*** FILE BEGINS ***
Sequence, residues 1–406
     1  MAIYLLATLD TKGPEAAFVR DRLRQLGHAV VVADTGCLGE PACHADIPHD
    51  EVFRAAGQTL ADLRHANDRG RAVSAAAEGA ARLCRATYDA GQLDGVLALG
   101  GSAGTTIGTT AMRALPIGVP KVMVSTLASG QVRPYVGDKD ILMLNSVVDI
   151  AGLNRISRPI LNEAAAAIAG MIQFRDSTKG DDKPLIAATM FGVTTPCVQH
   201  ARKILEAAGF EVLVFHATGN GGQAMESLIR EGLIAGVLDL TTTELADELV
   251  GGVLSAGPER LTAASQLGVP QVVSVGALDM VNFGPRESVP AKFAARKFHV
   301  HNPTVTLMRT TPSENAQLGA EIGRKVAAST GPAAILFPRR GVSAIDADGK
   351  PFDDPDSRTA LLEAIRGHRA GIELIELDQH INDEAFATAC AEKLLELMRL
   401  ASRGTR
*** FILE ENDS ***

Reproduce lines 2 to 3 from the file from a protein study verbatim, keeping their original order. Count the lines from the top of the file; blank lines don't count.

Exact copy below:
     1  MAIYLLATLD TKGPEAAFVR DRLRQLGHAV VVADTGCLGE PACHADIPHD
    51  EVFRAAGQTL ADLRHANDRG RAVSAAAEGA ARLCRATYDA GQLDGVLALG